It isn’t that I don’t want black children to do well. It’s that I can’t achieve the result.
Nor is it that I’m unwilling to spend tax dollars to school black children. I would happily do it–if I knew how to get results. I can’t offhand think of anything more important domestically. But nothing has worked. The country tried Head Start. It was a reasonable idea, well-intentioned, and worth trying. It didn’t work. We tried compulsory integration. It didn’t work.
What would work? Being white, when I think of improving schools I think of raising standards, hiring better teachers, adding advanced courses. Do blacks want this? The answer of course will be that some do and some don’t. Most seem not to. With all the good intentions in the world, as dictator, president, or queen of the May, I couldn’t make blacks want to study.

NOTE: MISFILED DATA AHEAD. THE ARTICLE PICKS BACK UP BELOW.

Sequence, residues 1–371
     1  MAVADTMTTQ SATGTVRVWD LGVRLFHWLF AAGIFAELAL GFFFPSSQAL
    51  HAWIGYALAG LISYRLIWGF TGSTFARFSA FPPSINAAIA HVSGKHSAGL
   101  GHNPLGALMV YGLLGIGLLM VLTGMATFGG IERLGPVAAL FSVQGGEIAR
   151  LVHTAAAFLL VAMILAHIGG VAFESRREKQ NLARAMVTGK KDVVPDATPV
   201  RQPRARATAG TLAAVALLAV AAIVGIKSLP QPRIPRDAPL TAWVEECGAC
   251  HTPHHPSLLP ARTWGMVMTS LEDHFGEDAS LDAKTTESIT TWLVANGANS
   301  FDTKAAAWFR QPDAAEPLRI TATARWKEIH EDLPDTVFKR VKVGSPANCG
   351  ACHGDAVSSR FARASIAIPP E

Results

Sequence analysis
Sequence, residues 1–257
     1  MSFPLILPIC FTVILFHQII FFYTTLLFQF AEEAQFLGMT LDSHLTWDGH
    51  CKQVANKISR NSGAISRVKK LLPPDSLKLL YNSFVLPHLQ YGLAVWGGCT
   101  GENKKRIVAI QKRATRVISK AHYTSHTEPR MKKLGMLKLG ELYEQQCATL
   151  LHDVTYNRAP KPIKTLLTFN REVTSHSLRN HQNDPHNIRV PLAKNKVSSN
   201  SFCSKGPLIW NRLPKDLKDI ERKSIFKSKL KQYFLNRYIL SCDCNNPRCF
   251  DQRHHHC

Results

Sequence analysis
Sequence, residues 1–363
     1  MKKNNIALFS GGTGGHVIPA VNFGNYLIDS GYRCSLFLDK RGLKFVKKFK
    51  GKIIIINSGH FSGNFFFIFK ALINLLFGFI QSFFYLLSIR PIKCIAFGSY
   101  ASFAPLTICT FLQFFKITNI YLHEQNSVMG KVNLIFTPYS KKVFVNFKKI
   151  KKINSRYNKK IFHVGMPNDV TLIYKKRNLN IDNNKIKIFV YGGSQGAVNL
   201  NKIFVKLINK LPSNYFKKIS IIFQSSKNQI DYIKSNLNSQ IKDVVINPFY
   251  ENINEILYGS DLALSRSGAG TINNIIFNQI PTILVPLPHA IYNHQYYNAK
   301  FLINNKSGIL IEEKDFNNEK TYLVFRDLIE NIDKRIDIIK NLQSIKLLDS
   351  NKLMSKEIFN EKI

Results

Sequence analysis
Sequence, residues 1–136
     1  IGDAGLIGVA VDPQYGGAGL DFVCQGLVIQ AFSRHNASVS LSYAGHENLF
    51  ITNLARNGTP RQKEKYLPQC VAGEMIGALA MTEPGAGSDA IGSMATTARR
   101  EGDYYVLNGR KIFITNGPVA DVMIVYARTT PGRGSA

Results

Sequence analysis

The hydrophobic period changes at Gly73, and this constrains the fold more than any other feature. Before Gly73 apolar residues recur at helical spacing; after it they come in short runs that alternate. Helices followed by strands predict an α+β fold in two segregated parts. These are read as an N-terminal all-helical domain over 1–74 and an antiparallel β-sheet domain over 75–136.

The illuminating question is: If blacks were entirely in charge of the schools, what would they do?
In many cities, as for example Washington, DC, blacks are in charge of the schools, which are terrible. Why? It isn’t lack of money. Whites do not forbid blacks the purchase of textbooks, do not insist that they hire poor teachers. The schools just don’t work well.
I derive no pleasure from this stagnant disaster, but neither do I see what whites can do about it. If blacks complained about potholes in the street, I would know what to do: Fill the potholes. If black kids were contracting polio, I’d know what to do: Vaccinate them. I simply do not know what to do about the schools.